Kitchen Table Kibitzing: COP28 Begins with Formalizing "Loss and Damage" Fund by boatsie. As the UNFCCC COP28 began today in Dubai, delegates formally agreed to the loss and damage fund, with several countries pledging millions while the US contributed significantly less than the EU and the UAE pledges. Formalizing the fund, which provides compensation to poorer nations already seriously impacted by the effects of climate change, comes after years of negotiations and paves the way for the talks to focus on other key issues. The most significant topic this year is agreement on the the rate of replacement of fossil fuels with alternative clean energy sources including wind and solar. Additionally, this COP will feature a “global stocktake” in which nations will report on how they are complying with pledges to cut emissions which were agreed to in the Paris Agreement in 2015. The next round of climate pledges will occur in 2025.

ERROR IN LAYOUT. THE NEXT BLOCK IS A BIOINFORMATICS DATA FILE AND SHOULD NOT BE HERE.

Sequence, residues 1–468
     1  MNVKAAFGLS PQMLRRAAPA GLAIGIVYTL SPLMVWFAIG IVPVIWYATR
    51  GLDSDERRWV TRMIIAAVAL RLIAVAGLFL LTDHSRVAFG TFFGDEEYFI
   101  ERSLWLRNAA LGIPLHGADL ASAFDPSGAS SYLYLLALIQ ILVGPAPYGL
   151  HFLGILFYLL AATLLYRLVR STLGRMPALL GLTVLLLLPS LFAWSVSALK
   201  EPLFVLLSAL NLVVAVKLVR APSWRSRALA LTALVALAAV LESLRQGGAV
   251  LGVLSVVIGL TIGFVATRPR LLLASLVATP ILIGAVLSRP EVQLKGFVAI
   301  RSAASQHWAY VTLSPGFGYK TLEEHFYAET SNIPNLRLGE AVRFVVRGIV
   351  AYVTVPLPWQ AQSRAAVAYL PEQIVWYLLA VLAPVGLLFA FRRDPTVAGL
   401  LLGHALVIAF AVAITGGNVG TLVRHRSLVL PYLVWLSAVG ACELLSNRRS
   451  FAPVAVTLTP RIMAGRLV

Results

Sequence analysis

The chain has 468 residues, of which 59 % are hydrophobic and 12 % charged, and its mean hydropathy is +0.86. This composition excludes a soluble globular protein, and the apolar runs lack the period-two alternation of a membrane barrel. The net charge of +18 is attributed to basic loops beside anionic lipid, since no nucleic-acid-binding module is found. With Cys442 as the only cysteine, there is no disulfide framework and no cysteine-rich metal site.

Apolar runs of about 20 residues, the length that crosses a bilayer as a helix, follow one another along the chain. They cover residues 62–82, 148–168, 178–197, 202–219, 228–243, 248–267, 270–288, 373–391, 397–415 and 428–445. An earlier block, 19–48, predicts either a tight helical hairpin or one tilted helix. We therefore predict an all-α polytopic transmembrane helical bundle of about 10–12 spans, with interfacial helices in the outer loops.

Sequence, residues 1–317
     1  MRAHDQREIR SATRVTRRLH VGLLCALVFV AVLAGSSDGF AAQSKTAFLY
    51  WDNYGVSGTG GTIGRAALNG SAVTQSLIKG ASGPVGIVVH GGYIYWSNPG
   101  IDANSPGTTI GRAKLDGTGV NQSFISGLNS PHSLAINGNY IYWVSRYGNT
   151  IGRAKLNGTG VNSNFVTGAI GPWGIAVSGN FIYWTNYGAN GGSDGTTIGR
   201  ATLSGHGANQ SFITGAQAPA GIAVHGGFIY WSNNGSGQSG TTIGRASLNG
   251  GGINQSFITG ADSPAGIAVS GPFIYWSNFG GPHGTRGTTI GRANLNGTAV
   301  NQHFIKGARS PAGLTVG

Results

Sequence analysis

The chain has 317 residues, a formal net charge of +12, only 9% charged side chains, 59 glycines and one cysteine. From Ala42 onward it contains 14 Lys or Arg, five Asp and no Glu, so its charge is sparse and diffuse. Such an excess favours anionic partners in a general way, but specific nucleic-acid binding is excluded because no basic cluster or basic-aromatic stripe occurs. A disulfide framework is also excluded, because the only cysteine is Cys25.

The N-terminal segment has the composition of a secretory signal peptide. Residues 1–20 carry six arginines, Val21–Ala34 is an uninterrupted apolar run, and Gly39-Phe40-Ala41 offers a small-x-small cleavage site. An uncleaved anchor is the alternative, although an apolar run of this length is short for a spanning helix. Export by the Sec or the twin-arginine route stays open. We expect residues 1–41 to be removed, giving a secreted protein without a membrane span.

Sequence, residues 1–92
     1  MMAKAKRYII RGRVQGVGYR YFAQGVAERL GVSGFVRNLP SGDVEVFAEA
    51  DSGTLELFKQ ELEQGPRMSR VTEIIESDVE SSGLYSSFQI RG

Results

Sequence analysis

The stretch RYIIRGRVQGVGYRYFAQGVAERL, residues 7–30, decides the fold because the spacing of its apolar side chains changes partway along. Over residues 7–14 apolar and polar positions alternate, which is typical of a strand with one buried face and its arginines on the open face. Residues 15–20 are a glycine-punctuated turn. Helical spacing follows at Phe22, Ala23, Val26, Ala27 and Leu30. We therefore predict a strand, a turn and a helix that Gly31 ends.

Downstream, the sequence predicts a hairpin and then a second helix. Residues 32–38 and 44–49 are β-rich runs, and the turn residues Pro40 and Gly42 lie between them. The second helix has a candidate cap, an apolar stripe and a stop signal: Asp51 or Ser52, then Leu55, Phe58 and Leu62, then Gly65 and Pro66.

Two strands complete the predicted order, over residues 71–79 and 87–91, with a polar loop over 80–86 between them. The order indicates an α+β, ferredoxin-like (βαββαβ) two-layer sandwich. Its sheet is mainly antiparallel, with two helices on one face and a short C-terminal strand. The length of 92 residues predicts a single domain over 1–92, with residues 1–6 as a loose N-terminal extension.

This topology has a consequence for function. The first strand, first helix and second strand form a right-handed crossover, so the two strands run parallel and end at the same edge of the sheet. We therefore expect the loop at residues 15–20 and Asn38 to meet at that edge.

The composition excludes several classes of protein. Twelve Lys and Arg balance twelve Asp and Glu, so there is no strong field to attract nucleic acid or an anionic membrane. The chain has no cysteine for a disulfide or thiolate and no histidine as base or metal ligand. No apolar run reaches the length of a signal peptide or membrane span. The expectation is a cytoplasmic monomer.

Overnight News Digest: COP28 — on track for nearly 3°C of warming, Big Oil puts pedal to metal by Magnifico. How did humans get to the brink of crashing climate? (AP News): For hundreds of years, people have shaped the world around them for their benefit: They drained lakes to protect infrastructure, wealth and people. They dug up billions of tons of coal, and then oil and gas, to fuel empires and economies. The allure of exploiting nature and burning fossil fuels as a path to prosperity hopped from nation to nation, each eager to secure their own energy. People who claimed the power to control nature and the energy resources around them saw the environment as a tool to be used for progress, historians say. Over hundreds of years, that impulse has remade the planet’s climate, too — and brought its inhabitants to the brink of catastrophe.